BETTY ANN BOWSER: The rash of anthrax scares and deaths have prompted health officials to recommend that lab workers and others at risk of exposure to anthrax be inoculated against the deadly disease. Dr. Anthony Fauci of the National Institutes of Health explained the reasoning behind that.
DR. ANTHONY FAUCI: That in fact is classical public health strategy, when you have a vaccine for a particular disease and you're going to have health care people, laboratory people, or even people like firemen or others who are going to go into a potential disaster zone, that those are the individuals that you want to be protected because of the repeated exposure that they might have.
BETTY ANN BOWSER: There have also been suggestions that some members of the general public be given the shots. All this has reopened an old controversy. In 1998, the Pentagon announced it would protect all 2.5 million of its men and women against anthrax by giving them the series of six shots. Then Defense Secretary William Cohen had his picture taken to send a symbolic message that the vaccine was safe. But almost from the beginning the program ran into trouble. Hundreds of military personnel all over the country said the shots made them sick; they complained of a variety of symptoms. Many describe problems later diagnosed as auto immune in nature, similar to what's now known as Gulf War Syndrome.
ROBIN GROLL: Okay. Ready?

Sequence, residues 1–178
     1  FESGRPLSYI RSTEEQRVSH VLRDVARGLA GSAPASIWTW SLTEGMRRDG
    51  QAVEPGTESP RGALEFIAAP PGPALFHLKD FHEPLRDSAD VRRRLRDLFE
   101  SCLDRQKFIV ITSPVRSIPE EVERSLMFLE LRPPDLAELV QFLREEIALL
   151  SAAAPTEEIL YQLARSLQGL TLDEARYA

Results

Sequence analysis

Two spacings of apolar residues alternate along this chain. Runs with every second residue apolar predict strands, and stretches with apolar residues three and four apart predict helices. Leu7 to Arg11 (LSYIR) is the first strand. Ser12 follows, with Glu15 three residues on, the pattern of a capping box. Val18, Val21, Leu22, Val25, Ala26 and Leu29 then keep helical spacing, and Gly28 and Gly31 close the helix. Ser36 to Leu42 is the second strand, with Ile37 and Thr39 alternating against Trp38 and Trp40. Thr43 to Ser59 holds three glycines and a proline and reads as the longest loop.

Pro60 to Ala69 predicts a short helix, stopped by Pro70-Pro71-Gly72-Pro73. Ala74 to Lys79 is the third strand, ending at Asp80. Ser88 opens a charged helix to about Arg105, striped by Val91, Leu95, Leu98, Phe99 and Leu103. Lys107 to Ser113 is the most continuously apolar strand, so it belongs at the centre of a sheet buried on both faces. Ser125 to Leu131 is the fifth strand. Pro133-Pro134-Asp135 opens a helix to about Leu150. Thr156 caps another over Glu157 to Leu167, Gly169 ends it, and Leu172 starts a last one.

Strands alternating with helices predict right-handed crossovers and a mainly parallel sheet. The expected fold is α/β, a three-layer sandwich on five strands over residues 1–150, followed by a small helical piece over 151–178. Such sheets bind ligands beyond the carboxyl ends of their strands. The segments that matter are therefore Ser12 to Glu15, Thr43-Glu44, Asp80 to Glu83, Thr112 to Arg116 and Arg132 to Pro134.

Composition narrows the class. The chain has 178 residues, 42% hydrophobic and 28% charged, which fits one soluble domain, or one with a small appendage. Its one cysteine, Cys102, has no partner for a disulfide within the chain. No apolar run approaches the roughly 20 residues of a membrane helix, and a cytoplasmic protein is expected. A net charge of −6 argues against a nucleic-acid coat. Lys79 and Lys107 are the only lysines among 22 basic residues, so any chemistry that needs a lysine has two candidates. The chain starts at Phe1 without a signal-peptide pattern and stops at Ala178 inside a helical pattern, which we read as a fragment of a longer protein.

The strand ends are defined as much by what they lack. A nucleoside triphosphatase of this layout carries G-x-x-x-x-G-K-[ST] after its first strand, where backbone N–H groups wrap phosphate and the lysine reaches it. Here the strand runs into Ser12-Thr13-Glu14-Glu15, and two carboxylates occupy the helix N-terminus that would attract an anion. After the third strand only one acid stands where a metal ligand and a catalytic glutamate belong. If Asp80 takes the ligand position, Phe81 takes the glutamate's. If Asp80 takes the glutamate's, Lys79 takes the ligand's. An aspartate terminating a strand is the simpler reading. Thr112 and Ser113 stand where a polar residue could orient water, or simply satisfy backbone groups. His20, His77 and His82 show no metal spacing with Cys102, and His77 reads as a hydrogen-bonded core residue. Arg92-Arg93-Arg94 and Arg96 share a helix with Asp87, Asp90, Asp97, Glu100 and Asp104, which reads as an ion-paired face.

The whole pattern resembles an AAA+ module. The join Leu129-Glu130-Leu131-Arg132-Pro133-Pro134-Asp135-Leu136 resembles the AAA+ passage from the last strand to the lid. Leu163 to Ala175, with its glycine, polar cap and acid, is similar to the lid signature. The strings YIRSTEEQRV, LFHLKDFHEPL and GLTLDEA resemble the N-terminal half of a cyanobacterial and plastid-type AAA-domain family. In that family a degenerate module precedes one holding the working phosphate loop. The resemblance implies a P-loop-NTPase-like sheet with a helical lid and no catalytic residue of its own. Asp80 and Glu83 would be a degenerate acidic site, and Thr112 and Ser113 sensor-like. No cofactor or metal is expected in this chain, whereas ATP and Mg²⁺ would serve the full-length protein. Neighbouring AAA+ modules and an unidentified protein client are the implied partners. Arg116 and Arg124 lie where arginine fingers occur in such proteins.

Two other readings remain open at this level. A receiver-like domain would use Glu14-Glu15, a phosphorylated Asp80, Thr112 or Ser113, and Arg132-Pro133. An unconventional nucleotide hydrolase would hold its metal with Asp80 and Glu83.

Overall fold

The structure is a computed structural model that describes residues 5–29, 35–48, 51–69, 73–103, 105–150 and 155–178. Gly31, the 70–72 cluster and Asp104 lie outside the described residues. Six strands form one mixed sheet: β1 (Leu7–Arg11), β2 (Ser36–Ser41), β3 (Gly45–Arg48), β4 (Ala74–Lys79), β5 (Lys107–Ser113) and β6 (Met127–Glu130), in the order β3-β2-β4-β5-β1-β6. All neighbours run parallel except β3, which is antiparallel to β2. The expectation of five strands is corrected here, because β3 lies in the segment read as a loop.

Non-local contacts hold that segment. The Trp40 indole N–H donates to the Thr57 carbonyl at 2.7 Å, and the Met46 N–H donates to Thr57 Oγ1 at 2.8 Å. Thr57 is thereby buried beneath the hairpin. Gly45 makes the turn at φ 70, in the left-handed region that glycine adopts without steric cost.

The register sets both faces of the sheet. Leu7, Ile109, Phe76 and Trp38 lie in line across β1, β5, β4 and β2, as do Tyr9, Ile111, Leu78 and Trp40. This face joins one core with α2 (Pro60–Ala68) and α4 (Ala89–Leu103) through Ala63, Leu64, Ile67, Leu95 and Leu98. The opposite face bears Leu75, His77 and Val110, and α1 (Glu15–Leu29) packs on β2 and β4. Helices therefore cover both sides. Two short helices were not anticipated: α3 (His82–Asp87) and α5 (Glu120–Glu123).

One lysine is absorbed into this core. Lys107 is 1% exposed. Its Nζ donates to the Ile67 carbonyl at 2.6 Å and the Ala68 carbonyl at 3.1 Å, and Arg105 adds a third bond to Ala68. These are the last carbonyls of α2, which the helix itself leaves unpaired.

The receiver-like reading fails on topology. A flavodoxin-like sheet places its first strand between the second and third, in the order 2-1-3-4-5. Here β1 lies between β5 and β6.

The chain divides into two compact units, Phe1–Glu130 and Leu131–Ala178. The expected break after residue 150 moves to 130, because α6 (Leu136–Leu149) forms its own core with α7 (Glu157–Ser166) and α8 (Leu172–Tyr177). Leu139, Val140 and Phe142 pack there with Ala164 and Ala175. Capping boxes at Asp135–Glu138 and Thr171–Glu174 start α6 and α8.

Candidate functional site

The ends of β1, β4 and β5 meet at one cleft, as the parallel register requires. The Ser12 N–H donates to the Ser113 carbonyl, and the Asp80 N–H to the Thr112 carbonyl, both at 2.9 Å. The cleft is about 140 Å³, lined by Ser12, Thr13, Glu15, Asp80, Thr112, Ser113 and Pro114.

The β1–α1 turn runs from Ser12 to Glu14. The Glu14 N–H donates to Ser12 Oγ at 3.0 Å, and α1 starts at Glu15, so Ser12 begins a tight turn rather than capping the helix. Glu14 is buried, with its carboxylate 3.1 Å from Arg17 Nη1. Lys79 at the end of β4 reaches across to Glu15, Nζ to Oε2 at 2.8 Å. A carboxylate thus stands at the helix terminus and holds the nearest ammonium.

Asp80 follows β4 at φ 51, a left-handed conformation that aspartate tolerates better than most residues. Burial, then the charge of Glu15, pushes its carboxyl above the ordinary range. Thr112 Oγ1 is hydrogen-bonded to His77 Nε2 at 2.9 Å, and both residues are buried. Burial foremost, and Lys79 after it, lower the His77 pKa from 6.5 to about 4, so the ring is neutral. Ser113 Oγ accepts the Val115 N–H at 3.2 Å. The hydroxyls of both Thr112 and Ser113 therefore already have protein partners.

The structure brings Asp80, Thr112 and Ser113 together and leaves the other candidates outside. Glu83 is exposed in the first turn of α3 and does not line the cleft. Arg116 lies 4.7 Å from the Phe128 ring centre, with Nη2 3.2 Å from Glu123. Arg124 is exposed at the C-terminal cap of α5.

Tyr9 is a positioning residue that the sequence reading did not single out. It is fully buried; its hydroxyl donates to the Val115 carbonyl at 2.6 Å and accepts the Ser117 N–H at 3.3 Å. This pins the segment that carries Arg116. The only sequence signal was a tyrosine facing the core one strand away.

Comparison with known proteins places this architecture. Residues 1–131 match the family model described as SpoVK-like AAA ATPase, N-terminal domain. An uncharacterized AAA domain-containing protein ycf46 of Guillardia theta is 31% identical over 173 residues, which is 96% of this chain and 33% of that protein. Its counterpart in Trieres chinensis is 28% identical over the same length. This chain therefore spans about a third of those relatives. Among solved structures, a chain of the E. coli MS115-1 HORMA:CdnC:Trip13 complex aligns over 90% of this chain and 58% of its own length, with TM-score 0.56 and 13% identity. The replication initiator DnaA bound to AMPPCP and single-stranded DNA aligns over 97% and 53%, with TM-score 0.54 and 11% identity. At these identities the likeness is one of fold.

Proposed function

BETTY ANN BOWSER: Robin Groll was in the Michigan National Guard.
ROBIN GROLL: I had tremors on the right side of my body that remained consistent every day for three months. They still come and go, the joint aches.
BETTY ANN BOWSER: Some military personnel went before Congress to tell their stories.
SPOKESMAN: Swelling on my hands and feet, dizziness, memory loss, sleep disorders, one blackout, night sweats, chest pains.
BETTY ANN BOWSER: But the Pentagon repeatedly defended the vaccine, and said only a handful of people had suffered adverse reactions.
SPOKESPERSON: It works, we know it works.
BETTY ANN BOWSER: Lt. General Ronald Blanck was surgeon general of the army two years ago at the height of the controversy.
LT. GENERAL RONALD BLANCK: In the over 340,000 individuals who have received this immunization we have had reported to us-- and we require this reporting -- 72 cases of significant reactions and side effects which is a very, very small reaction. Nonetheless, we look very carefully at each and every one.
BETTY ANN BOWSER: Still, the perception that the vaccine wasn't safe persisted. Hundreds of pilots in Air and National Guard units around the country refused to take the shots. For some, like Major Tom Rempfer, a pilot with the Connecticut National Guard, that refusal meant the end of a military career.
TOM REMPFER: Eight of us went on the record in Congressional hearings saying it was exclusively because of the anthrax policy and if it weren't for that policy, we'd all still be flying today.
BETTY ANN BOWSER: Last year, a Congressional subcommittee recommended the Pentagon's vaccination program be halted, saying there were too many unanswered questions about it. And just last month, the Government Accounting Office said in a report to Congress that the process for manufacturing the vaccine was altered in 1990, a change that increased the potency of some batches by as much as 100 percent. This has led to speculation by opponents of the Pentagon's vaccine program that some of the doses given the military weren't safe, and might be a reason some people got sick. There have also been questions about the only company licensed to make the vaccine, Bioport of Lansing, Michigan. Bioport was closed for renovation in 1998. Since then, the Food & Drug Administration has twice found numerous flaws in quality control and sterility. But in a Senate subcommittee hearing held after September 11, Bioport President Robert Kramer said the company's problems have been fixed.